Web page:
A comprehensive fertility health screening is the best way to learn about the health of your reproductive system. This screening is comprised of three parts: bloodwork, an ultrasound examination, and a consultation with a fertility physician.
- Bloodwork is used to assess your Anti-Mullerian Hormone (“AMH”) and Follicle-Stimulating Hormone (“FSH”) levels, both of which are indicators of your ovarian reserve.
- An ultrasound is used to evaluate your Antral Follicle Count (“AFC”) - the number of follicles contained within your ovaries. This helps your physician to determine how many eggs your body may produce in any given month.
- If appropriate based on the individual or couple, a semen analysis or other diagnostic imaging or tests may be performed.
- Finally, you will collaborate with your physician to discuss your results and to determine next steps in your family-building journey.
At NYULFC, our goal is to provide information, education, and data-driven guidance to individuals seeking fertility care. Once we reach a diagnosis, we work together with our patients to determine the optimal, individualized treatment plan for each patient or couple. Please note: although many guidelines detailed below are based on a female individual’s health and age, if you will be undergoing treatment with a partner, an initial consultation for both partners is recommended.
When is fertility testing recommended?
The most common reasons for requesting a comprehensive fertility health screening include:
- Trying to conceive without success for one year (if you are under age 35) or six months (if you are over age 35)
- Family history of early menopause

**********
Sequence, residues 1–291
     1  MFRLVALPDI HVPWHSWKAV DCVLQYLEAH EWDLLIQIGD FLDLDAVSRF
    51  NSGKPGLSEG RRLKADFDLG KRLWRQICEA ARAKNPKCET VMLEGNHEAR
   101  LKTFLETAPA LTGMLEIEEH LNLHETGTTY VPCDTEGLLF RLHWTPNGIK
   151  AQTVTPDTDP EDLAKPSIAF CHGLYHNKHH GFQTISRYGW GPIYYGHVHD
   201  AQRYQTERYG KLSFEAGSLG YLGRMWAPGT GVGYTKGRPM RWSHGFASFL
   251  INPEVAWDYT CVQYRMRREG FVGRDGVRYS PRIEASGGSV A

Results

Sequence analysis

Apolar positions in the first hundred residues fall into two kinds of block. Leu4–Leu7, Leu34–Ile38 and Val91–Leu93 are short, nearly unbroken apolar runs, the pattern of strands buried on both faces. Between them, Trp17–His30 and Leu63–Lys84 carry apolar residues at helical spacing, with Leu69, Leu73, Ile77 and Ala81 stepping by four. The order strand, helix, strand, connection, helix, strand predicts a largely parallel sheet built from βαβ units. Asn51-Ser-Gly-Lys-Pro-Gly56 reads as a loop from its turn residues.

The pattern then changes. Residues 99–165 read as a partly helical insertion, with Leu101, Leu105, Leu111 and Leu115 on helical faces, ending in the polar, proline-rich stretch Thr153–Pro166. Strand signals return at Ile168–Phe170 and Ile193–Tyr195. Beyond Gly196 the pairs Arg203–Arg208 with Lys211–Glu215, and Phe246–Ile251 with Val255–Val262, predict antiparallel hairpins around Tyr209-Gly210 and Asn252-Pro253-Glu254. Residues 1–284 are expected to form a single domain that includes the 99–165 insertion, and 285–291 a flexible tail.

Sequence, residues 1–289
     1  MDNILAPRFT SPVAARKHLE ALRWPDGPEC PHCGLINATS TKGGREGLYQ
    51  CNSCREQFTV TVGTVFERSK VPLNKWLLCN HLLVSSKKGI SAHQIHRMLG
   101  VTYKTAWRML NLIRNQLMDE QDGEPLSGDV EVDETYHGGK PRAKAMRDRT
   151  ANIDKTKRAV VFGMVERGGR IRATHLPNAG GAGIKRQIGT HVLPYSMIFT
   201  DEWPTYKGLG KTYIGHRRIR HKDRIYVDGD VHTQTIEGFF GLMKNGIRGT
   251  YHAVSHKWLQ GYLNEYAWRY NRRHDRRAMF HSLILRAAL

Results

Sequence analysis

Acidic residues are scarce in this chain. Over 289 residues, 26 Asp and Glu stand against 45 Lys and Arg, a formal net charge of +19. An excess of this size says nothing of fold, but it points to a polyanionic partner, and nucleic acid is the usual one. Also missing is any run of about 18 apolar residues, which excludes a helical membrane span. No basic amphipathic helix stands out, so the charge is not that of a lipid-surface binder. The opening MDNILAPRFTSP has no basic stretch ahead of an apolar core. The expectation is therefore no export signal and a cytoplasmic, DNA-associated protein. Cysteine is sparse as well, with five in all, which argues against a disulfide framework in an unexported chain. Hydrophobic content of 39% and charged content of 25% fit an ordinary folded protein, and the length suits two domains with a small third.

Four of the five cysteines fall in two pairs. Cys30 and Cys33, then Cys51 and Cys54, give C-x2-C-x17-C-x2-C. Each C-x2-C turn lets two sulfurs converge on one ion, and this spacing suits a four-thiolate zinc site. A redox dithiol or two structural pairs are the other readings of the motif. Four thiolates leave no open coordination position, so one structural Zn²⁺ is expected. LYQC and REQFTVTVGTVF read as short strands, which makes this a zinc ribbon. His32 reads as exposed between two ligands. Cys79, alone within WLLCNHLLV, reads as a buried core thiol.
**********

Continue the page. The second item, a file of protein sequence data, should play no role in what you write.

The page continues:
- Trying to conceive (“TTC”) at age 35 or older
- Interest in fertility preservation (Egg Freezing)
- Members of the LGBTQ+ community seeking to build their families
How is female fertility testing performed?
NYU Langone Fertility Center provides state of the art fertility testing and treatment in a compassionate, patient-focused environment. Female fertility testing includes bloodwork and a transvaginal ultrasound to assess AMH and FSH levels as well as an antral-follicle count (AFC). These tests allow your care team to assess your ovarian reserve – the quantity and quality of eggs remaining in the ovaries. Because a woman’s ovarian reserve decreases over time, the tests performed during a Fertility Health Screening can help identify a condition known as Diminished Ovarian Reserve (“DOR”). A DOR diagnosis indicates a diminished reproductive potential due to a decline in the quality or quantity of eggs remaining in the ovaries. Individuals with a DOR diagnosis may choose to pursue many different options to achieve a pregnancy, including fertility preservation, IVF, donor eggs, and more.